Dengue is a mosquito-borne painful disease that can be deadly. In Pakistan, devastating floods have affected millions of people and destroyed homes and medical facilities. A recent dengue outbreak in these conditions is spreading like wildfire. WHO (world health organization) has also taken notice.
Dengue is an acute viral disease spread by a specific mosquito family. Dengue virus gains its way into the host body following an infected mosquito bite. World Health Organization (WHO) considers dengue as a major global health challenge in the tropic and sub-tropic regions. Dengue has seen a 30-fold up rise worldwide between 1960 and 2010, due to increased population growth rate, global warming, unplanned urbanization, inefficient mosquito control, frequent air travel, and lack of health care facilities.
Dengue fever is native to Pakistan. A year-round transmission is seen with seasonal peaks, however, a recent flood starting in mid-June has caused a significant rise in dengue from (January to September) 2022 as compared to the four previous years. Recent reports by WHO and National Health institute-Islamabad show that from January 1st to September 22nd a total of 25,932 cases have been reported and 62 deaths have been reported nationally. Three-quarters (74%) of these cases were reported during the month of September alone.
Symptoms of Dengue
Symptoms of dengue start 4 to 6 days after its transmission into the body and last for 10 days. These include:
- Severe headaches
- Severe fever
- Pain behind eyes
- Severe Pain in the joints and muscles
- Skin rash, 2 to 3 days after fever
- Mild bleeding (nose and gums)
The mild symptoms can also be mistaken for flu or other viral infections. Younger people and children have been observed to have mild symptoms while older people, people with weakened immune systems, and people with subsequent infection have higher chances of having severe symptoms and complexities that may occur which can cause damage to blood vessels and the circulatory system. This can lead to massive bleeding, shock, and even death.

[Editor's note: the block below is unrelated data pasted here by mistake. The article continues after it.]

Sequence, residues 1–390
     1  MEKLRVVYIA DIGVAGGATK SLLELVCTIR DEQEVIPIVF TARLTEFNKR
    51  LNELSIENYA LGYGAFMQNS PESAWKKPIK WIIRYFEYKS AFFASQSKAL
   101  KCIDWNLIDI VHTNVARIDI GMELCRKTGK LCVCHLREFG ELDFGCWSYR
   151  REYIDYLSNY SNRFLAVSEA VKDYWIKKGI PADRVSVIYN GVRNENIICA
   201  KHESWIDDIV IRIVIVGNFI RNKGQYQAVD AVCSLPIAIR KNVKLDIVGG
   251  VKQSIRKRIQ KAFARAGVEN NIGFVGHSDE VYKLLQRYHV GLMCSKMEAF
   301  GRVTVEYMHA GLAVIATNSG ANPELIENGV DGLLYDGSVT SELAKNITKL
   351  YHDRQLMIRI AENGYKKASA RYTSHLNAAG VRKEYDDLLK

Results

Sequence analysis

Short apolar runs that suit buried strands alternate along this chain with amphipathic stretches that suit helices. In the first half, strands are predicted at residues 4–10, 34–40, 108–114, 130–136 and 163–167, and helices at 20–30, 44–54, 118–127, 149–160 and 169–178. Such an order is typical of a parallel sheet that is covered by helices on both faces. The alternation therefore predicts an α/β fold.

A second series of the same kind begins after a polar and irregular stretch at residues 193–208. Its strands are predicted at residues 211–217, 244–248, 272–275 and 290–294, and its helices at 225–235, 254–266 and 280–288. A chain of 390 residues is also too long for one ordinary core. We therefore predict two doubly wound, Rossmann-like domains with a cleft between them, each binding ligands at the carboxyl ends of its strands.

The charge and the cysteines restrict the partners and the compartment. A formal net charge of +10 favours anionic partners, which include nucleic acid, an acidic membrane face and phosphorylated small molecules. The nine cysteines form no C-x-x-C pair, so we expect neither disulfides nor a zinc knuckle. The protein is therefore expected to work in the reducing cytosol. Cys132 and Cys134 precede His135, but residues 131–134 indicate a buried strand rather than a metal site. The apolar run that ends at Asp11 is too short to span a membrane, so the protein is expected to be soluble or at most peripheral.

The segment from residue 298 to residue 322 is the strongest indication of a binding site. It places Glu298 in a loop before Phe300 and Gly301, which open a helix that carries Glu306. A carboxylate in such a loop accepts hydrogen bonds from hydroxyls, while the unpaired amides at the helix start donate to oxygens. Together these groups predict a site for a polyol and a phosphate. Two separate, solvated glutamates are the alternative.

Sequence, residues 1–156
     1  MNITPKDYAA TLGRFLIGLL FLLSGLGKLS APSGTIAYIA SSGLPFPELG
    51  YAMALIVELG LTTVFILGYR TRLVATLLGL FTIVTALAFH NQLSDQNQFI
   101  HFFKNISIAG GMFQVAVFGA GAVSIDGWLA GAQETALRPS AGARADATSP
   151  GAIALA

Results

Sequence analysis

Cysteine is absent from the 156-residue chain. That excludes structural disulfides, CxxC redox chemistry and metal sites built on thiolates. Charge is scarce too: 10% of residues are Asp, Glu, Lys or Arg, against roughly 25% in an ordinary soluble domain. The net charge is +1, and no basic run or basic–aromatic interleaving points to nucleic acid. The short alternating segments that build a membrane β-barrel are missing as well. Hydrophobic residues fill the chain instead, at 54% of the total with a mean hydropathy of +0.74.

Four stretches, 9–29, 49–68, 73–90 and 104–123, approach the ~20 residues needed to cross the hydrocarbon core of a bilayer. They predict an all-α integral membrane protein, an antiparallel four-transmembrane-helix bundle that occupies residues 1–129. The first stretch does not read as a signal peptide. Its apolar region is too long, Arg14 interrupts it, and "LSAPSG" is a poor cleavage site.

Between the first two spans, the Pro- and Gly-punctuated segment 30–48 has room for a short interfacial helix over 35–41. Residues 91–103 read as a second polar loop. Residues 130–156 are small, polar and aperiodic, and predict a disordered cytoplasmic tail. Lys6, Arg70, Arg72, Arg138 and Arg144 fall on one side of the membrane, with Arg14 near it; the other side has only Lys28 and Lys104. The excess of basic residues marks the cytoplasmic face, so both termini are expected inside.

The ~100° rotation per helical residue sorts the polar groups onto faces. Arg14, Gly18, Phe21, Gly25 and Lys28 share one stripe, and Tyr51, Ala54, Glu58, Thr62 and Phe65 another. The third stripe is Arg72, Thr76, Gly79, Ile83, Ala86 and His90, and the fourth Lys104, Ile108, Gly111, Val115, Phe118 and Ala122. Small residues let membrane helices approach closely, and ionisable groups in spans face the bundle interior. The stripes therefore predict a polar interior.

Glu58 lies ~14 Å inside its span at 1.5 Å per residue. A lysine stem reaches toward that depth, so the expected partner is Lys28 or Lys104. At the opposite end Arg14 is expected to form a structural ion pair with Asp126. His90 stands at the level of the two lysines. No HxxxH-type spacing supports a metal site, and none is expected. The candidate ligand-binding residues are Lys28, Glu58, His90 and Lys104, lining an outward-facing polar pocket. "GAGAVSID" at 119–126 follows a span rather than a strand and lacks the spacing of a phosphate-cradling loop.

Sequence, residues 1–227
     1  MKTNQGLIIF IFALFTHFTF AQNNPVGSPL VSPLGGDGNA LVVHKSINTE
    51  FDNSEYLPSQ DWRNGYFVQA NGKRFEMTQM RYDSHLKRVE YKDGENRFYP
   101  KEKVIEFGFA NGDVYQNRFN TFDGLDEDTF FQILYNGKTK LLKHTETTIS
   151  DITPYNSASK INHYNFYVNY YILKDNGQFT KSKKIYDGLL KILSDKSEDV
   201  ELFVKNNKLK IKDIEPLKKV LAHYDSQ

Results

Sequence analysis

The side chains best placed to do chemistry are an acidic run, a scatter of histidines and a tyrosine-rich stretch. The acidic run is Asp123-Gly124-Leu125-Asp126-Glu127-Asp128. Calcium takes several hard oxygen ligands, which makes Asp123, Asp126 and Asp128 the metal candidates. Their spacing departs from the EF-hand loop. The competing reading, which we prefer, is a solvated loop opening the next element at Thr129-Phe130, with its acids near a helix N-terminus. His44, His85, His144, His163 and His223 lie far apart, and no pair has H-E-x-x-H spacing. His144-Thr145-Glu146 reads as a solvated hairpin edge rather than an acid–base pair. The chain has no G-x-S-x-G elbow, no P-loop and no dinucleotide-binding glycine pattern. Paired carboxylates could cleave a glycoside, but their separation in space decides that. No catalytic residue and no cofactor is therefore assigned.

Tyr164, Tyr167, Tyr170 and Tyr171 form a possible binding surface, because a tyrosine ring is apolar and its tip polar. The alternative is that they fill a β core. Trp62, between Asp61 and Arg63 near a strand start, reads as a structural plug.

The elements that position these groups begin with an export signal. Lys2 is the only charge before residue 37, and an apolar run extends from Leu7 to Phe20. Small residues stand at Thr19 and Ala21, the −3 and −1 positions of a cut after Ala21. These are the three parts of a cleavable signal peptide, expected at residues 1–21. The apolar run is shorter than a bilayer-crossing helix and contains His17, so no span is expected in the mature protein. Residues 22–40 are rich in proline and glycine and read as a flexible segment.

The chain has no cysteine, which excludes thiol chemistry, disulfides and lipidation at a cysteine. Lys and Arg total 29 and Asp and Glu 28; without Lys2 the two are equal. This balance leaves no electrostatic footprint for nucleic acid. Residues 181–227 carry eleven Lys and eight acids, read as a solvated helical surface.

Diagnosis and Treatment
Doctors can do your blood test to check for viruses and antibodies and conclude if you have dengue. If you have traveled and suspect the above-mentioned symptoms go ahead and book a doctor’s appointment. Prevention is better than cure. There is no specific treatment for dengue fever. If you think you have dengue you should take pain relievers, rest, drink plenty of fluids and go to a doctor.
Prevention of Dengue
The optimal solution to this dengue pandemic is prevention. The best way to prevent it is to avoid the bite of mosquitos. Avoid going out in revealing clothes this may make you prone to mosquito bites. Further preventions include:
- Use mosquito repellent, even indoors.
- Try wearing long-sleeve shirts and long pants tucked into socks.
- When indoors, use air-conditioners.
- Make sure windows and doors are secure.
- Use mosquito net for sleep.
To reduce the mosquito population, get rid of places where mosquitoes can breed. These include old tires, cans, or flower pots that collect rain.
If any of your family member has dengue be on the lookout for mosquitos. Mosquitos that bite the infected member can spread the infection to other house members.